He could hope for no payment from the Patapsco—certainly not for some years; nor could he raise money even on these hopes, the general opinion being that despite the efforts of John Gorsuch, Rutter, and Harding to punish the guilty and resuscitate the innocent, the bank would finally collapse without a cent being paid the depositors. As for that old family suit, it had been in the courts for forty-odd years and it was likely to be there forty-odd years more before a penny would be realized from the settlement.
Had he been differently constructed—he a man with scores and scores of friends, many of whom would gladly have helped him—he might have made his wants known; but such was not his make-up. The men to whom he could apply—men like Horn, the archdeacon, Murdoch, and one or two others—had no money of their own to spare, and as for wealthier men—men like Rutter and Harding—starvation itself would be preferable to an indebtedness of that kind. Then again, he did not want his poverty known. He had defied Talbot Rutter, and had practically shown him the door when the colonel doubted his ability to pay Harry's debts and still live, and no humiliation would be greater than to see Rutter's satisfaction over his abject surrender. No—if the worst came to the worst, he would slip back to Wesley, where he was always welcome and take up the practice of the law, which he had abandoned since his father's death, and thus earn money enough not to be a burden to Peggy. In the meantime something might turn up. Perhaps another of Gadgem's thumb-screws could be fastened on some delinquent and thus extort a drop or two; or the bank might begin paying ten per cent.; or another prepayment might be squeezed out of a ground rent. If none of these things turned out to his advantage, then Gadgem and Pawson must continue their search for customers who would have the rare opportunity of purchasing, direct "from the private collection of a gentleman," etc., etc., "one first-class English saddle," etc., etc.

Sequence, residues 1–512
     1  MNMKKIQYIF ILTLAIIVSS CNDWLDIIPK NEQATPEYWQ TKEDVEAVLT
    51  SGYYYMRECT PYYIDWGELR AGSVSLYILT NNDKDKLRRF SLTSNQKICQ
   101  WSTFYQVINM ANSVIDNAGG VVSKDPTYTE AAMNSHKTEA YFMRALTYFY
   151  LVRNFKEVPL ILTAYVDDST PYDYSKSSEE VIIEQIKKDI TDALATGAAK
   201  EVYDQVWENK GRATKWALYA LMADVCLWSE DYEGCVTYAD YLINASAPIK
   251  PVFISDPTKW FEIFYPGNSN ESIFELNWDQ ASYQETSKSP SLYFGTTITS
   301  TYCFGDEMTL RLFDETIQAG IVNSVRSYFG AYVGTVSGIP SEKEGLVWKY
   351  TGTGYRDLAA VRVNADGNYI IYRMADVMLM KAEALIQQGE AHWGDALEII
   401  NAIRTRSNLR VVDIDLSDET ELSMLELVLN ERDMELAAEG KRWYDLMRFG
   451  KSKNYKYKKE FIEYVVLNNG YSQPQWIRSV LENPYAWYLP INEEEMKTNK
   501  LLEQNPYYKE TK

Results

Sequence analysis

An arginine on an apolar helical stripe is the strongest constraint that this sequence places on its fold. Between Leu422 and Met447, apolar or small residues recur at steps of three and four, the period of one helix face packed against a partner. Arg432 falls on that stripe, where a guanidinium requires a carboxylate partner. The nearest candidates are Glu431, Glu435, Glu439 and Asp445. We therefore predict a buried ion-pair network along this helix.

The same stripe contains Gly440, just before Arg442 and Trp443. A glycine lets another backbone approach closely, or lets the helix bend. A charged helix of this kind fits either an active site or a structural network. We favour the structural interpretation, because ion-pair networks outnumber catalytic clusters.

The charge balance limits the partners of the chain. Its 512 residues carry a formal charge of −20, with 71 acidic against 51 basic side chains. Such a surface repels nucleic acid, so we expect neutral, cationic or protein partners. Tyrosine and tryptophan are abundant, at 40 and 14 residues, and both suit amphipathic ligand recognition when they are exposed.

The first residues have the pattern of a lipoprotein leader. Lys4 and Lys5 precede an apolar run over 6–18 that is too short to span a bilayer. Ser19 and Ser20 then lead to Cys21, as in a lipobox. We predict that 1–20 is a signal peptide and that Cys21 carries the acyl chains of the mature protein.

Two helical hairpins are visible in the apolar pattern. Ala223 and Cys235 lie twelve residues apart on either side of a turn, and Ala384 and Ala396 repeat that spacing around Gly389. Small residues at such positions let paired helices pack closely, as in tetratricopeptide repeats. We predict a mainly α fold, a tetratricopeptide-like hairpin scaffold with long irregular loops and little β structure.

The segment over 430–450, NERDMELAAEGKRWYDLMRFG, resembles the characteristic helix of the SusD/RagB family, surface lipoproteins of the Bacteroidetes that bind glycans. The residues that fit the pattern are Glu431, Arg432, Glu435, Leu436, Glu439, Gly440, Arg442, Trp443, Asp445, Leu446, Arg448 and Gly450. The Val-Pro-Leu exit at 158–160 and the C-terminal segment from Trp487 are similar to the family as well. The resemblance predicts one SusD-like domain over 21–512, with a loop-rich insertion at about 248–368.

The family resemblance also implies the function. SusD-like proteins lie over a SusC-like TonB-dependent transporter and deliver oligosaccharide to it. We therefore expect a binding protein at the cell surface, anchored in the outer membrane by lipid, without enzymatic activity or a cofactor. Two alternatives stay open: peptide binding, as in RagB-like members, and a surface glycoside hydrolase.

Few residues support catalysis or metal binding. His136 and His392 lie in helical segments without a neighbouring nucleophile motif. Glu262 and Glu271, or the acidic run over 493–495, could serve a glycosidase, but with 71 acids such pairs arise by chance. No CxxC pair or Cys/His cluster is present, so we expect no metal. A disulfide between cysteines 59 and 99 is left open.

"The meantime," however, brought no relief. Indeed so acute had the financial strain become that another and a greater sacrifice—one that fairly cut his heart in two—faced him—the parting with his dogs. That four mouths besides his own and Todd's were too many to feed had of late become painfully evident. He might send them to Wesley of course, but then he remembered that no one at Tom Coston's ever had a gun in their hands, and they would only be a charge and a nuisance to Peggy. Or he might send them up into Carroll County to a farmer friend, but in that case he would have to pay their keep, and he needed the money for those at home. And so he waited and pondered.
A coachman from across the park solved the difficulty a day or two later with a whispered word in Todd's ear, which set the boy's temper ablaze—for he dearly loved the dogs himself—until he had talked it over with Pawson and Gadgem, and had then broken the news to his master as best he could.
"Dem dogs is eatin' dere haids off," he began, fidgeting about the table, brushing the crumbs on to a tray only to spill half of them on the floor—"an' Mister Floyd's coachman done say dat his young marster's jes' a-dyin' for 'em an' don't cyar what he pay for 'em, dat is if ye—" but St. George cut him short.
"What did you say, Todd?"
"Why dat young marster dat's jes' come up f'om Ann'rundel—got mo' money den he kin th'ow 'way I yere."
"And they are eating their heads off, are they?—and he wants to swap his dirty money for my—Yes—I know. They think they can buy anything with a banknote. And its Floe and Dandy and Sue and Rupert, is it? And I'm to sell them—I who have slept with them and ate with them and hugged them a thousand times. Of course they eat their heads off. Yes—don't say another word. Send them up one at a time—Floe first!"